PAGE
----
Parting the Cloud


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Every so often a trend looms over the broadcast horizon that gathers pace so quickly it soon becomes the buzzword at every launch and trade show. A few years ago it was MAM and more recently stereoscopic; now the big buzz in town is the cloud. But despite its recent rise to fame in the broadcast sector there’s still a lot of confusion regarding how manufacturers can develop and manage cloud computing technologies. The change in workflow appears to be driven by metadata and graphics but as more content is created and consumed the requirement for longer term, more generic repositories increases.
Segmenting the archive in the cloud
Not so long ago, a broadcast archive was bespoke. It could only hold certain types of files, and the archive and restore processes were hard coded between each system connected to it. It was not uncommon for only one system (e.g. playout automation) to be connected to the archive. Recently, a more distributed approach is being adopted. Those building an archive for playout are over-specifying the hardware required, not just to cope with normal organic growth, but also with a view to opening up the archive to other departments. One reason for this shift is the implementation of improved mechanisms that exist within archive management software for content organisation. Now virtual partitions can be created within different tiers of storage, each assigned to different systems. For example, it’s now relatively common for one archive to service playout transmission, production, news and graphics. All departments have their own specific workflows and tools, but through careful planning and versatile interfaces all this can easily be achieved under the same private cloud.
Physical storage media have also become more diverse. Today’s choice of disk storage is massive, and tape libraries are highly scalable. However, none of these individual storage solutions alone can form a true broadcast archive that can grow and be widely shared. This remit falls firmly on the shoulders of the archive management solution, commonly referred to as middleware. Without this layer a cloud for long-term storage simply cannot form.
Why form an archive cloud?
There are significant advantages to adding a tape library to archive disk storage, whether locally or remotely to provide system resilience. However this only works when heterogeneous storage can be presented to the outside world as one virtual storage entity. This is where cloud storage comes in. With the application of simple web-style APIs content can be moved into a generic ‘archive’ without the controlling system having to know if it’s going to disk or tape, locally or remotely. It’s still important that the API supports the concept of specific storage locations within the archive, but these archive groups can be used as virtual containers to segregate different content, and different migration rules can be applied to them. The value of the archive management system is the automatic migration of content between storage tiers.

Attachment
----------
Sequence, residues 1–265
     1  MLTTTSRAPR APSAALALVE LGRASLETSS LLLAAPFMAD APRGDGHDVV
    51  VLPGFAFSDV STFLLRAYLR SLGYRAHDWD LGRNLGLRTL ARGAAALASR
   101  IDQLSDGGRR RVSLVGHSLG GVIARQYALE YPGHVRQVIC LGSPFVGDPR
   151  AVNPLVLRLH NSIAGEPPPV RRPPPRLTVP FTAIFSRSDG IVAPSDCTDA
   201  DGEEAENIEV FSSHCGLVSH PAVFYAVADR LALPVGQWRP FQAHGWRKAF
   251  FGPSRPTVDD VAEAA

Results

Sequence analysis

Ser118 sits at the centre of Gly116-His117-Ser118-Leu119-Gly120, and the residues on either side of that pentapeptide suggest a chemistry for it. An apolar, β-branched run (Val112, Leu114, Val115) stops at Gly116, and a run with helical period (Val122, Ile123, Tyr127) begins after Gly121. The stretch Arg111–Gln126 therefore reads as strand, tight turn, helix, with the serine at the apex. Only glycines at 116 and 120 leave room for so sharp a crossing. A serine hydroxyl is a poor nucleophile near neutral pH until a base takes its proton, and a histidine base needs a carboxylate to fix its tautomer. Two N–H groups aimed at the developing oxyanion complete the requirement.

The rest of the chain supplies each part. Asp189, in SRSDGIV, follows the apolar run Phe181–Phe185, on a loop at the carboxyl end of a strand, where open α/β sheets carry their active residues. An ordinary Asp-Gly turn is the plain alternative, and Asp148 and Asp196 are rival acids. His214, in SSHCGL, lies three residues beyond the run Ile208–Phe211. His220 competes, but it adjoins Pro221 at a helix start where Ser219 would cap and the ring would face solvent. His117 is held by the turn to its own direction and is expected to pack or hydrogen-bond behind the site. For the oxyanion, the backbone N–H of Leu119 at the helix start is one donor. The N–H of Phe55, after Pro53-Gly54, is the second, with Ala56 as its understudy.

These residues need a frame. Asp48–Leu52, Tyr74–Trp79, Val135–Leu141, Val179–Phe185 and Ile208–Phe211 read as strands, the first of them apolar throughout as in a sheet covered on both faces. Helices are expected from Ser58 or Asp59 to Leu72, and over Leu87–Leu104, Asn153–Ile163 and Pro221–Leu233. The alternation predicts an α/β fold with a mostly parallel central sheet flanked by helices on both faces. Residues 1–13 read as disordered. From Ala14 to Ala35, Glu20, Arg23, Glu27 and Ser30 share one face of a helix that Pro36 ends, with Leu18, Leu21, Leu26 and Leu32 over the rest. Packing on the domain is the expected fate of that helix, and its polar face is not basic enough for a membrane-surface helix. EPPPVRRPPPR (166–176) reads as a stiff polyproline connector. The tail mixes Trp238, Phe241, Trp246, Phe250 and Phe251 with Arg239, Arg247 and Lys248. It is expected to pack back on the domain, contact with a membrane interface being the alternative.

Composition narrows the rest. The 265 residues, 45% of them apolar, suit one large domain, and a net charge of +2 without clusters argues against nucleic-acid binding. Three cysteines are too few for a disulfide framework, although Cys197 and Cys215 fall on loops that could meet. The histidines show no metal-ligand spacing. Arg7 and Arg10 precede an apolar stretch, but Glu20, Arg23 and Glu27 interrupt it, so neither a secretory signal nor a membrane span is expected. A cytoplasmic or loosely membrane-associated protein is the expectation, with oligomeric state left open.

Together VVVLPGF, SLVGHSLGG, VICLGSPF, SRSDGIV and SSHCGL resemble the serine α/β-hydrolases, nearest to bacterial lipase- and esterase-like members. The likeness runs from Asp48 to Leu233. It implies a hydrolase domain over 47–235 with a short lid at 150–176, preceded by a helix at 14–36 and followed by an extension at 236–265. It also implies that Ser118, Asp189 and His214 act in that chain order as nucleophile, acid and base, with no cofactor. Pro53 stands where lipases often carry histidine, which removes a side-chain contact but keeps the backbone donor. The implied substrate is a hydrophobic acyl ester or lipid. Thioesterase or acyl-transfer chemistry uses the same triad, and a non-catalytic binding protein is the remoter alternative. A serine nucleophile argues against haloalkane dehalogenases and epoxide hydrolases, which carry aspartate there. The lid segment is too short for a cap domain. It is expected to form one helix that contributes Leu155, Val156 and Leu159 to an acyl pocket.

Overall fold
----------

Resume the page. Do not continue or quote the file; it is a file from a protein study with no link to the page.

Bandwidth
Not all facilities own dark fibre capable of faster-than-real-time transfers right up to the doorstep. Obviously for hosted services (the remote cloud) video tapes can be transferred. However, this still requires that the service provider has the infrastructure and skillset required to ingest and tag the content, and introduces another level of complexity when ensuring that remotely ingested content can be accessed through its corresponding metadata.
From a disaster recovery perspective this approach duplicates effort. However, the technology does exist to move bulk quantities of content plus metadata as files relatively inexpensively. One such technology is LTFS. This standardised approach of writing data to LTO-5 (and upwards) tape provides a viable method of transferring bulk content into and out of a storage cloud. For example, a playout facility migrates content into the archive on site as normal i.e. ingest from video tape and QC before moving to online playout storage or copying directly to the archive. Once in the conventional archive domain, migration rules copy the content to an LTFS ‘export’ tape (or group of tapes, where required). Any metadata is archived along with the content. Alternatively, MXF wrappers like AS03 or AS11 (AS02 etc. for production-related workflows) can be used to encapsulate the content and its metadata, ensuring safe passage of all necessary information. Once full, the LTFS export tape is removed from the library and posted to the remote cloud storage facility.
On arrival in the ‘cloud’ the LTFS export tape is inserted into the library. The archive management system scans the index at the header of the tape and populates the archive management software database with the necessary information about the content. Now that the content is available, any systems connected to the archive cloud can query the archive database to find out what is new (or receive ‘push’ notifications of new arrivals) and access the content. This approach ensures that the systems closer to the business process rules remain in control of the content.

Tags: iss069 | sgl | cloud | archive | mam | N/A
Contributing Author N/A

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